Thank you for your support as we all grapple with challenging decisions and redefine our work and community life. We look forward to getting through this pandemic with a minimum loss of life and economic disruption.

For more information, contact:

Sherman Hogue, Public Affairs Officer, sherman.hogue@usda.gov, p) 603-536-6215 or c) 603-348-1649

Or Colleen Mainville, Public Affairs Specialist, colleen.mainville@usda.gov, p) 603-536-6243 or c) 603-790-0860

End of the season and closures

Thank you for your support through this season that ended much differently than normal. We had a successful season from a safety standpoint with only a handful of incidents and accidents despite quite a few human triggered avalanches. The community stoke was high though the snowpack and weather did not supply the goods as often as we would like. As usual, our amazing ski patrol turned out to help in March and were invaluable in navigating those first weekends when the coronavirus reared its ugly head. Late in March, we had @avalanchegeeks, Mike Austin to work as an intern with Glenn Pinson as an emergency hire. They were meant to provide late winter opportunities for the other members of the snow ranger team to take some time off. Turns out, vacation travel was off the table given the rising epidemic, but the two visiting forecasters helped us maintain social distancing among the team and reduced our exposure time to the public and to each other. 

The season ends on the east side of the range with a closure order in effect for the east side of Mount Washington, including Gulf of Slides, Tuckerman Ravine and Huntington Ravine and all of the trails in between. While this may seem to be an extreme measure, consider the viewpoint of Dr. Anthony Fauci, Director of the National Institute for Allergy and Infectious Disease. “the fact is what I like to see is when people look at what we’re doing and say, ‘you’re overreacting.’ For me, the dynamics and the history of outbreaks is you are never where you think you are with the (spread)– if you think you’re in-line with the outbreak, you’re already three weeks behind. So you’ve got to be almost overreacting a bit to keep up with it.” So in addition to the annual closure that occurs to the section of the Tuckerman Ravine Trail, a much larger closure is in effect. Pinkham Notch parking lot will be closed to the public, with both the closure orders enforced with fines and even possible jail time.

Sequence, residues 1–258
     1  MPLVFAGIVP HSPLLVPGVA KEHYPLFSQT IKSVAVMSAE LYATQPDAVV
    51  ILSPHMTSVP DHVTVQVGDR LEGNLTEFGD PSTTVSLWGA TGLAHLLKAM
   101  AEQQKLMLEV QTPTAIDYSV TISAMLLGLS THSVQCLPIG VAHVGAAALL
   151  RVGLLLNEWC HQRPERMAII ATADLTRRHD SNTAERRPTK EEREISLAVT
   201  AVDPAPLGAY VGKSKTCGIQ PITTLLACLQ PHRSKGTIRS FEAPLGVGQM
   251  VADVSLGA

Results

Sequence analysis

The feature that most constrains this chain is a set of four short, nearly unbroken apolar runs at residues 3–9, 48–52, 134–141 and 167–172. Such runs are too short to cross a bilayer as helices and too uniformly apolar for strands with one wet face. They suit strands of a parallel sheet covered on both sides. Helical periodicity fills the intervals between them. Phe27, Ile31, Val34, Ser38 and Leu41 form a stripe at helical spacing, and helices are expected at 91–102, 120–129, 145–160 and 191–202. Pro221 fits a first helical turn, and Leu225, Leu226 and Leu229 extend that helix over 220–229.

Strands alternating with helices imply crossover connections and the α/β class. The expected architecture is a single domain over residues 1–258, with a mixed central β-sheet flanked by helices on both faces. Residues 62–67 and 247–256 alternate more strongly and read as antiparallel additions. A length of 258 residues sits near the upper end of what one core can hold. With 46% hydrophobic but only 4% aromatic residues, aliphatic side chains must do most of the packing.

Please do your part and stay near home, hike in the woods, run a new route, or take up that project you’ve been putting off. The mountains have been around for a long time and will be here when life returns to normal. Thanks again for your cooperation as we navigate these rough waters.

Frank Carus, Lead Snow Ranger
Director, USFS Mount Washington Avalanche Center

MWAC Spring Operations

During this challenging time, we know that backcountry skiing, climbing and hiking will offer needed opportunities for recreation and escape. We will continue to forecast avalanches and other mountain hazards through it all, but with some changes to our operations that are designed to protect snow rangers, ski patrollers and the public. The changes are based on current recommendations from public health professionals.